The streaming wars are ruining TV

Watching tv and using remote control

In theory, the streaming era is an embarrassment of riches for connoisseurs of prestige TV. There’s Fleabag and The Marvelous Mrs. Maisel on Amazon Prime Video, Russian Doll and Ozark and Stranger Things on Netflix, The Handmaid’s Tale on Hulu… the list goes on and on.

But as services crowd the space, the audience experience is suffering. The streaming age was supposed to empower consumers by letting them pick and choose what they paid to watch — and to be fair, a handful of subscriptions are a marked improvement over the expensive, inflexible cable packages of yore. But media corporations are scrambling for their piece of the streaming pie, seemingly without a lot of thought about how frustrating the shifting landscape can be for consumers, and that’s a problem.

Every major broadcaster is slated to launch a streaming video service of their own by 2022, and each is leading with tentpole series intended to hook subscribers. Apple and Disney have already gotten into the game with the launch of their platforms this month. Apple TV+ is home to The Morning Show starring Reese Witherspoon, Jennifer Anniston and Steve Carrell, as well as Dickenson starring Hailee Steinfeld, Jane Krakowski and Wiz Khalifa. Disney+ will have The Mandalorian, a Star Wars series starring Pedro Pascal, and The World According to Jeff Goldblum, among other buzzy originals. It’ll also be the only place to stream classic Disney and Fox films.

After AT&T bought TimeWarner (which owns HBO and Warner Bros.) last year, the corporation made plans to launch a rebranded HBO streaming service, HBO Max, in 2020. It’ll include all the HBO programming available on the network and existing platform HBO Now — plus it’ll be the exclusive home of beloved TV shows like Friends and Rick and Morty as well as Warner Bros. movies and Studio Ghibli films.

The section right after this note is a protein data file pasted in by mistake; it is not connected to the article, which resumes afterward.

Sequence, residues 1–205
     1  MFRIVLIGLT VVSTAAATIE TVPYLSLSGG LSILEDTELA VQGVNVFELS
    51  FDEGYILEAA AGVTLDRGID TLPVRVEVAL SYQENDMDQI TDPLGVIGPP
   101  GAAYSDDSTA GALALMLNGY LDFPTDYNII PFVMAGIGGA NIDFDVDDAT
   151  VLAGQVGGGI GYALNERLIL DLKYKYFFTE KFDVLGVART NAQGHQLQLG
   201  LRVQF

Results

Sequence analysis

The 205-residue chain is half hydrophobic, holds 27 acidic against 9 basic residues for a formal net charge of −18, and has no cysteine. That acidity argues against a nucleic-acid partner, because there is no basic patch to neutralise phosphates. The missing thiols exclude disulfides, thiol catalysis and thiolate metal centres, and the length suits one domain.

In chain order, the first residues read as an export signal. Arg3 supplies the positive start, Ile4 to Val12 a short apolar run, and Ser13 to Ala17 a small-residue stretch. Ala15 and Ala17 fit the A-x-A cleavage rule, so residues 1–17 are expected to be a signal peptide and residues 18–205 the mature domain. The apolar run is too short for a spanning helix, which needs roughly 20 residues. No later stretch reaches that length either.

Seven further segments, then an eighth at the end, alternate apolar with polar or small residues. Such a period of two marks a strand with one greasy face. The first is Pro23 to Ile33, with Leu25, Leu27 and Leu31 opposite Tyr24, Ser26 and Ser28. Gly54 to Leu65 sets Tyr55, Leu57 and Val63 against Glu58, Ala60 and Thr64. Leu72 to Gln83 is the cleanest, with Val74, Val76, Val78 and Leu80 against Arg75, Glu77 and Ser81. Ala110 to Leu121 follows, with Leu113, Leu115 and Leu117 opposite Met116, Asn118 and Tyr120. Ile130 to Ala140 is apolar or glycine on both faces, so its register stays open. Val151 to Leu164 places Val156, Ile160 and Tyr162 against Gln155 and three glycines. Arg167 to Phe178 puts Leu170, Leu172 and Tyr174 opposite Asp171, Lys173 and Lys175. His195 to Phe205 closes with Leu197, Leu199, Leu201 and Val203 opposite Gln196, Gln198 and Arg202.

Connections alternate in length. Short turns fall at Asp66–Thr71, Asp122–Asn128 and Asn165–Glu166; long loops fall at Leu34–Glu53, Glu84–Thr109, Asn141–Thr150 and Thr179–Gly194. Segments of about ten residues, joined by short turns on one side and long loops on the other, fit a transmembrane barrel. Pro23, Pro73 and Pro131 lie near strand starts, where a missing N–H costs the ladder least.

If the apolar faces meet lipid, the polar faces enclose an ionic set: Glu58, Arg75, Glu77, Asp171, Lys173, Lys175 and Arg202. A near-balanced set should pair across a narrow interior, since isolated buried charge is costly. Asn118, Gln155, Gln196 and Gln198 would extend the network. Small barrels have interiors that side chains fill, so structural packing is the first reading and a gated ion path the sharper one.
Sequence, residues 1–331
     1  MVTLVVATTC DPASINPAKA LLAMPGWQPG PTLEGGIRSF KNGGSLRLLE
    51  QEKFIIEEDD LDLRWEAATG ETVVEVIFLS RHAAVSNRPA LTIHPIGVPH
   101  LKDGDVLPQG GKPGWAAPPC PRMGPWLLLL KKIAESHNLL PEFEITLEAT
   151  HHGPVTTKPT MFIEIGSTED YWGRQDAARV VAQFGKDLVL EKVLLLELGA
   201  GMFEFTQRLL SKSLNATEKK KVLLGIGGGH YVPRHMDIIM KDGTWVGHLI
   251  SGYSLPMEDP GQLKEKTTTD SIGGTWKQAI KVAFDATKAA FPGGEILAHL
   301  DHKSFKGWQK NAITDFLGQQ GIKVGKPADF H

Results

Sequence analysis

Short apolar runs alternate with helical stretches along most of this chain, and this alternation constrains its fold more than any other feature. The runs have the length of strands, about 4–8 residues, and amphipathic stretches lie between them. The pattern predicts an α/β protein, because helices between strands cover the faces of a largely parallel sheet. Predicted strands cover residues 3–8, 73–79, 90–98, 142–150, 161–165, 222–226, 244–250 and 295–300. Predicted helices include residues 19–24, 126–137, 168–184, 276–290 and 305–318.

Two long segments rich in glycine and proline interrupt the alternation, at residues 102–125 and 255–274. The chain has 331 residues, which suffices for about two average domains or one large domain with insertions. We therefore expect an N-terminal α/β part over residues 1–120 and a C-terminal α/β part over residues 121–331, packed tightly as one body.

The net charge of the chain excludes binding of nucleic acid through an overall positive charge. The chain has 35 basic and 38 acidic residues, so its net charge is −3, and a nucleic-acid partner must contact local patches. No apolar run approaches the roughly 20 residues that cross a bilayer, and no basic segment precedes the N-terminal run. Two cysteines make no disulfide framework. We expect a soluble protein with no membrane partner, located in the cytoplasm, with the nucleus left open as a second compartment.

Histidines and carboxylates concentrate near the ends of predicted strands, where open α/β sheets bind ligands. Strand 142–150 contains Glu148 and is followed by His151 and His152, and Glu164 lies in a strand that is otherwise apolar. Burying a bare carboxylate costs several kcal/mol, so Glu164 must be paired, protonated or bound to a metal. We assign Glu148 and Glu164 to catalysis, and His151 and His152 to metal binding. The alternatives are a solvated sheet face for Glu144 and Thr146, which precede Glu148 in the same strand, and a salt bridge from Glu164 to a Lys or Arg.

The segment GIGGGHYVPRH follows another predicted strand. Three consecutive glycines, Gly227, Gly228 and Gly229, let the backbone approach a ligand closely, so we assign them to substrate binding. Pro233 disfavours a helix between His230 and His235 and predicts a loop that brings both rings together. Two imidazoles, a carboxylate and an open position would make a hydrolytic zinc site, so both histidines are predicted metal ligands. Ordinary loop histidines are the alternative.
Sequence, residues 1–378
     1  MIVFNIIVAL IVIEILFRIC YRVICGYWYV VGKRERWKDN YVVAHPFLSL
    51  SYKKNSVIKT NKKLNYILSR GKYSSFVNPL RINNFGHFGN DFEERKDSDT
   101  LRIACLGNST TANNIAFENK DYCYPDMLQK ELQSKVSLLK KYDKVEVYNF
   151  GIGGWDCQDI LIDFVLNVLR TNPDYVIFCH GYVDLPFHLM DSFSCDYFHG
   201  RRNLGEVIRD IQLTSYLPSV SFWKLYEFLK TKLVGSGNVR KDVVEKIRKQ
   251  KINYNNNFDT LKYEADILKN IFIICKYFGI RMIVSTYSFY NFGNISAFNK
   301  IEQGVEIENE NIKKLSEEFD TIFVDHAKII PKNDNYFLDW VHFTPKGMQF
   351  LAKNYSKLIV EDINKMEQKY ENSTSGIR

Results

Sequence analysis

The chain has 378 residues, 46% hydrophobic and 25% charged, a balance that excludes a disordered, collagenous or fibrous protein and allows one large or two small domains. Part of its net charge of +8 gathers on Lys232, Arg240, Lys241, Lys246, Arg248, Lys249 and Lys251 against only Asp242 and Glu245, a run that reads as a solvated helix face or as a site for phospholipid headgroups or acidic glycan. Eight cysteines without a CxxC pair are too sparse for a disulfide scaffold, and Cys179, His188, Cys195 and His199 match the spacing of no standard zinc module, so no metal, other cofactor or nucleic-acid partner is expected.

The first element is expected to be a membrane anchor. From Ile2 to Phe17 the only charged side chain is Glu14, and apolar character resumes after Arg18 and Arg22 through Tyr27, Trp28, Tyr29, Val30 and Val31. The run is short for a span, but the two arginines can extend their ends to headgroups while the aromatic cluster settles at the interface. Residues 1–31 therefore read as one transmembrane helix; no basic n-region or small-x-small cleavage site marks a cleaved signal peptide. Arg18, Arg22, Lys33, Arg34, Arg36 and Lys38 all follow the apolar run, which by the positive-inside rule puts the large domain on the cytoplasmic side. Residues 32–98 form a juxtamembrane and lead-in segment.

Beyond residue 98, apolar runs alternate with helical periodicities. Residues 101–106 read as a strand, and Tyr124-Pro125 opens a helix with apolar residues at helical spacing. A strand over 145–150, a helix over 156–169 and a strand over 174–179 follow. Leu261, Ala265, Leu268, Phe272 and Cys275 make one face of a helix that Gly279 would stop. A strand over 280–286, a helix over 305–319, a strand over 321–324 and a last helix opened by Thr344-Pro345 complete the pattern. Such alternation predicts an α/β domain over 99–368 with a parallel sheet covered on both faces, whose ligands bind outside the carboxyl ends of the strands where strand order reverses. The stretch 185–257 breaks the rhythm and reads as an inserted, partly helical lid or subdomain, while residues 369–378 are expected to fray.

To infuse their respective platforms with value to consumers, media conglomerates are collecting and hoarding intellectual property. This is a notable departure from the early days of Hulu and Netflix, which originally filled the video rental void left by the downfall of brick-and-mortar movie stores like Blockbuster. As streamers moved away from content distribution and towards production, it prompted an IP landgrab. The competition has produced a lot of thrilling, experimental art that just wouldn’t be possible under the old 30- or 60-minute programming constraints. But it’s also why there’s such a glut of mediocre original content these days and why there was such a stink over Friends leaving Netflix (for HBO Max, evidently).

It’s become really hard for the average person to know which entertainment options are worth their time and money. Subscription fatigue is taking hold, which could mean a resurgence of piracy. “If people have to spend more money to satisfy their movie and TV consumption needs, a large group will either consume less or look for alternatives. A likely result is that more people will pirate on the side,” Ernesto van der Sar, who runs the website TorrentFreak, told Motherboard.

The crux of the problem seems to be the subscription model’s reliance on controlling the production, distribution and consumption of content. Right now, streaming services make money off their ability to monopolize our attention. As Netflix CEO Reed Hastings semi-joked in 2017, “We actually compete with sleep. And we’re winning.” But there must be a way to monetize content quality, or at least the popularity of a show or film, over quantity.

There’s currently no incentive for Netflix, Amazon, Disney, HBO, Hulu, Apple, et al to collaborate on streamlining content distribution or bundling subscriptions — except for the risk they run of pissing off consumers. A recent study by data analytics firm UTA IQ found that 67 percent of consumers find toggling between services frustrating; 58 percent think managing numerous logins is annoying; and 45 percent say it’s already too hard to find what they’re looking for. “Now that availability is no longer a problem in many markets, affordability and convenience are most important,” van der Sar told Motherboard.

It’s clear consumers want their couch potato time to be simpler. But with more and more streamers slated to flood the space in the coming months, watching TV seems bound to get a lot more complicated before corporations care enough to do much about it.